Detroit legal battle over bankruptcy petition
A judge in the US state of Michigan has ordered the city of Detroit to withdraw its application for bankruptcy over its debts of $18bn (£12bn).
Judge Rosemarie Aquilina said the petition, filed on Thursday, violated the state's laws and constitution because it threatened pension benefits.
But the state's attorney general immediately appealed against the order.
Earlier, Governor Rick Snyder said the move towards bankruptcy would reverse decades of decay.
Bankruptcy would allow Detroit's state-appointed emergency manager, Kevyn Orr, to liquidate the city's assets to try to meet the demands of creditors and pensioners.
Really, this is all about the pensions of city workers and retirees.
They and their lawyers don't object to bankruptcy per se, they just want the debt to them - their future pension rights - to be dealt with outside the "Chapter 9" bankruptcy process.
That's hardly surprising since in bankruptcy, pension plans would be far down the list of people getting any of the money they are owed.
Banks and bondholders would be paid long before any pensions.
But since Detroit's obligation to its present and future pensioners amounts to nine of the 18 billion of its total debt, it's also easy to see why the emergency manager and state governor insist that that debt be part of Detroit's bankruptcy as well.
Judge Aquilina's order was not "injunctive" which means that even if the emergency manager and governor choose to ignore it, they won't be in contempt of court.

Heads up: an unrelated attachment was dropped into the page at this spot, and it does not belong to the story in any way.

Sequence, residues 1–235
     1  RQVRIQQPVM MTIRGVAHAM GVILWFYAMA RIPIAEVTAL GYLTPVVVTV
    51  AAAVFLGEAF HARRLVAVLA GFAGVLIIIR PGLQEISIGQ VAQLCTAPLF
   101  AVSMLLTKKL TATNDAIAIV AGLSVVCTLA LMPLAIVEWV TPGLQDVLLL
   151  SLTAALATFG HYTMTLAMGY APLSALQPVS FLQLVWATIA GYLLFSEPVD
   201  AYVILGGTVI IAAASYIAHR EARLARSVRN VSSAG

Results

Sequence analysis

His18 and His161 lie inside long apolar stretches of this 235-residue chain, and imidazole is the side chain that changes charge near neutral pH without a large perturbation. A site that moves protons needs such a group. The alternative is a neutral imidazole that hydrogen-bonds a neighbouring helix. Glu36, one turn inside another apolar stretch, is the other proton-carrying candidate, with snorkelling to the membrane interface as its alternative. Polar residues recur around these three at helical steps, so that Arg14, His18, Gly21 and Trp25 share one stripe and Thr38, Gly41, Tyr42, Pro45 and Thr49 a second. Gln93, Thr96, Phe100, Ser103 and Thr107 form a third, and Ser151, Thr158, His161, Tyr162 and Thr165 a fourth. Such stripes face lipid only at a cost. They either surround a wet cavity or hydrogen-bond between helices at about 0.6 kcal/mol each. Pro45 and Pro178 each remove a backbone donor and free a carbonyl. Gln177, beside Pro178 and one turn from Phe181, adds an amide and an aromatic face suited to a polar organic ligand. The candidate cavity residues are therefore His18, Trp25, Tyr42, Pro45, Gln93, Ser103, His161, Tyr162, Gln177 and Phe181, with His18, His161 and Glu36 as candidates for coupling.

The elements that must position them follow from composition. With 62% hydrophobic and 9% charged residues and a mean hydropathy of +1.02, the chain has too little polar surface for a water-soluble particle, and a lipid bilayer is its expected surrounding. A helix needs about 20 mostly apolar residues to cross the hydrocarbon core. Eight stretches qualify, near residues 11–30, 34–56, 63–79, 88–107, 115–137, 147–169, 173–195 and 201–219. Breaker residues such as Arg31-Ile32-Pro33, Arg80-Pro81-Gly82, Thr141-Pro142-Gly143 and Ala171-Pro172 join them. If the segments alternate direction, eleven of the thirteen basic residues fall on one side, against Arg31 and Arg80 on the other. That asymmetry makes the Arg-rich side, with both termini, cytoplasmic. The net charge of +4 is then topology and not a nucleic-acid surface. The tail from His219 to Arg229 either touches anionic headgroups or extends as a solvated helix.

So at the very least the order delays things for days, while everyone, particularly emergency manager Kevyn Orr and Governor Rick Snyder work out how to responds to it.
Mr Orr proposed a deal in June in which creditors would accept 10 cents for every dollar they were owed.
But two pension funds representing retired city workers have resisted the bankruptcy plan, and - with tens of thousands of creditors - the city is already facing a number of lawsuits.
In her ruling on Friday, Circuit Judge Rosemarie Aquilina sided with the pension plaintiffs.
She ruled that the 2012 law which allowed for bankruptcy to be filed was unconstitutional, as it enabled the state governor to jeopardise the pension benefits of public employees.
But it remained unclear what impact the ruling would have on the proceedings.
The BBC's Jonny Dymond, in Detroit, says it is just the first stage in a multi-layer legal system, but that it throws into question the stunningly complex rescue plan for the troubled city.
Shortly after, Michigan Attorney General Bill Schuette said he had appealed against Judge Aquilina's rulings on behalf of Governor Snyder.'Basically broke'
Detroit is the largest US city ever to file for bankruptcy. In 2012, three smaller California cities - Stockton, Mammoth Lakes and San Bernardino - took the step.
It has been struggling for decades with spiralling debts - public services are nearing collapse and about 70,000 properties lie abandoned.
Known as Motor City for its once-thriving automobile industry, Detroit stopped debt repayments to unsecured creditors last month to keep the city running.
About $9bn of Detroit's debt is owed to the pension funds and retiree healthcare benefits of the city's 10,000 workers and 20,000 retirees.
Earlier on Friday, Gov Snyder said the city had filed for bankruptcy because it was "basically broke".
"We're the comeback state in Michigan, but to be a great state, we need Detroit on the path to being a great city again," he told Friday's news conference.
"Now is the opportunity to stop 60 years of decline," he added.
"We will come out with a stronger, better Detroit and a format to grow this city. The citizens of not just this city but the state deserve it."